It’s important to know that the stock market is likely to outdo “safer” investments over 20 or 30 years. But not all goals are that far off. And even for distant goals, most people will not be able to handle a grinding stock market decline without feeling an overwhelming urge to abandon their plan. Someone with a 30-year “rational” horizon may have a 5-year “emotional” horizon. (Day traders appear to have a 5-minute horizon, but day trading has nothing to do with investing.) This last is particularly unfortunate, as investment types and styles often seem to cycle in and out of favor over periods of 3 to 5 years, so that investments that underperform over a 5-year period might overperform over the next 5.
If you are saving for a specific goal that is approximately 5 years away (a house down payment, perhaps), you probably want to minimize the risk of a terrible loss without giving up too much potential gain. We all know that high returns without risk are fantasies. But by diversifying over different asset classes, we might not have to give up too much.
Consider — in real, inflation-adjusted terms — the worst 5-year results of the 20th Century for stocks, bonds, and cash investments. With appropriate thanks to Charles Ellis for providing this information in his excellent Winning The Loser’s Game, the worst compounded annual real rates of return over 5 years since 1901 have been:
Stocks: -11.62% (that is, losing 11.62% a year)
Cash: – 7.78%
The worst 5-year stock return would have turned $10,000 into $5,392 of purchasing power. The worst bond return turned $10,000 into a not much better $5,749. The worst return for cash cut $10,000 down to $6,670 (the cash was still there, and even grew with interest, but inflation cut its value).
Interestingly, these worst 5-year periods were not clustered around the 1929 crash, as you might have guessed, but 1915-1920. World War I ignited severe inflation. A basket of goods that cost $100 in 1915 cost $197 in 1920. That killed the stock and bond markets, as sharp inflation always does. But it also slashed the value of Treasury bills (which are what financial types like me mean when we refer to cash), because rates did not float back then as they do today. Today, if inflation ever came roaring back, the yield on Treasury bills would roar back, too. (Then again, these “worst” numbers are before tax. So after inflation and tax, you’d still be losing money at a significant clip, after tax, in Treasury bills, if inflation roared back, even if not quite as fast as in 1916.)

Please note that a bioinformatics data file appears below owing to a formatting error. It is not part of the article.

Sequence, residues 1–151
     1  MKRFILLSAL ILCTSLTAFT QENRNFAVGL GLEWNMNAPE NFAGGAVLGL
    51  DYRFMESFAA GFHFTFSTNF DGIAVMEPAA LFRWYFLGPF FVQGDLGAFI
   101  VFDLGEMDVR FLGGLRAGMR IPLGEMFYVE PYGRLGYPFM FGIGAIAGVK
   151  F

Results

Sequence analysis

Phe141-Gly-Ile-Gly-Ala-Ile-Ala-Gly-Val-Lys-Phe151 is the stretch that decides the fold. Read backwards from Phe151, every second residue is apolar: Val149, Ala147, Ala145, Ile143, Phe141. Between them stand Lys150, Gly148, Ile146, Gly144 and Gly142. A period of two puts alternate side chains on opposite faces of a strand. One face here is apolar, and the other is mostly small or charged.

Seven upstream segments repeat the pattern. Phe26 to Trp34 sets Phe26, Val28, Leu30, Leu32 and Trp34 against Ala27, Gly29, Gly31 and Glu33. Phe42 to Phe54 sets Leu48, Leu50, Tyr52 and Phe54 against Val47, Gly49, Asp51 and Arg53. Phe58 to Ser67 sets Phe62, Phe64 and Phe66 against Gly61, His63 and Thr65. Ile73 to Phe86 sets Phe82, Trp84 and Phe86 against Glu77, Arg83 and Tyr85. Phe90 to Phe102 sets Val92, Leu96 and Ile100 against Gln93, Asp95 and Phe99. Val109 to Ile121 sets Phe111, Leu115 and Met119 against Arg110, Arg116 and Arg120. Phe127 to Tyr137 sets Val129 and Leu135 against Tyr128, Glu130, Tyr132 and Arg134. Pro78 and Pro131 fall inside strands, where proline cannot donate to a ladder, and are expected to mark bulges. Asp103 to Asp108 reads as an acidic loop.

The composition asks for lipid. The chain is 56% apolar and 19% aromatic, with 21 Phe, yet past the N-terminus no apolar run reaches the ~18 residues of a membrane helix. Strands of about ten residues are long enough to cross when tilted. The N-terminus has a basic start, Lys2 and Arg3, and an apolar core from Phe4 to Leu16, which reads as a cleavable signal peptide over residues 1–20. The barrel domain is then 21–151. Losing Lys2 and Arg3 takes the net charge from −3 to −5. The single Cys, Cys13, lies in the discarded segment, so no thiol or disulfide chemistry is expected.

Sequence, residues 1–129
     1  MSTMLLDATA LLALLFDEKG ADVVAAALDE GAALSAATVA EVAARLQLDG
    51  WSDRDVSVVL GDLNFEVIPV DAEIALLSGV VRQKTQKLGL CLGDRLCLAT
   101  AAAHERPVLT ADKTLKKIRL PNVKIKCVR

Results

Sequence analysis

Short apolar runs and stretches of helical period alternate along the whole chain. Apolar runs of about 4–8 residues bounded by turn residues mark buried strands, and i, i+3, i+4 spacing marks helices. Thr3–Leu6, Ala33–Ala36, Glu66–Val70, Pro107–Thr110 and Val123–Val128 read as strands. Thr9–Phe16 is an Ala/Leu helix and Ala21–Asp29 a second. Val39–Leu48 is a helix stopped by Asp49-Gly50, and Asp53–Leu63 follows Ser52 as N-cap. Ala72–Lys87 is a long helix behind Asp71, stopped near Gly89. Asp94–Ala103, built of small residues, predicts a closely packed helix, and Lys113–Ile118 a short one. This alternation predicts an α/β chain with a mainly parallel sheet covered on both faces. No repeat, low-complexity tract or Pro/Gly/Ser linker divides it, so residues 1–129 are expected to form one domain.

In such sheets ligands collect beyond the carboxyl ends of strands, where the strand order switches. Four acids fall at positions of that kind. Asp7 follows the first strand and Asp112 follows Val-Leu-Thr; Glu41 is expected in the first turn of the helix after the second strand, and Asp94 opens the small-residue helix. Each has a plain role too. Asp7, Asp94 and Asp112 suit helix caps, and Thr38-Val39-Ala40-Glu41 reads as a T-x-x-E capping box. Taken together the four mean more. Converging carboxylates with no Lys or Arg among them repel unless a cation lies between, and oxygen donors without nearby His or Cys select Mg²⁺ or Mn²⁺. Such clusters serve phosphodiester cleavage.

So do you still think stocks are too risky?
Well, OK. But the figure for stocks can be improved considerably by not limiting the investment to U.S. securities. When the U.S. market crashed between 1929 and 1932, non-US investments suffered a much smaller drop and a faster recovery. When Japan crashed after 1989, the rest of the world did quite well. Any investor in any country will be safer by splitting his investments between domestic and foreign securities.
I asked my pal Less Antman — known to regular readers of this column as “the estimable Less Antman” — to determine the performance of a stock portfolio split evenly between large U.S. stocks and large foreign stocks. According to his calculations, using data going back to 1926 (so that the crash of 1929 is included), the worst 5-year real return was -6.56%. Not great, to be sure, but a lot better than the -11.62% compounded annual loss when invested in the U.S. market alone. In this example, $10,000 would have shrunk to $7,123.
Diversifying your stock portfolio globally increases safety.
But I wouldn’t be too thrilled to lose $2,877 of my original $10,000 stake either.
With hindsight, Less reports, a blend of 55% cash, 45% global stocks (US and foreign), provided the “best” worst 5-year return: negative 2.53%, which only reduces $10,000 to $8,797. In other words, from 1926 to the present, the worst you would ever have done with that blend in any 5-year period was to lose about $1,200 in real purchasing power.
That’s a much better “worst” than just owning U.S. stocks and nothing else. A reasonable way to approximate such a blend would be to put half of the funds needed in 5 years into a money market or short-term bond fund, and split the other half between the Vanguard Total Stock Market (U.S.) Index Fund and the Vanguard Total International Index Fund. Or perhaps do it a third, a third, and a third.
But if it’s safety you seek, forget all this. There’s a much simpler way.
Tomorrow: An investment that guarantees you’ll beat inflation (before taxes, anyway)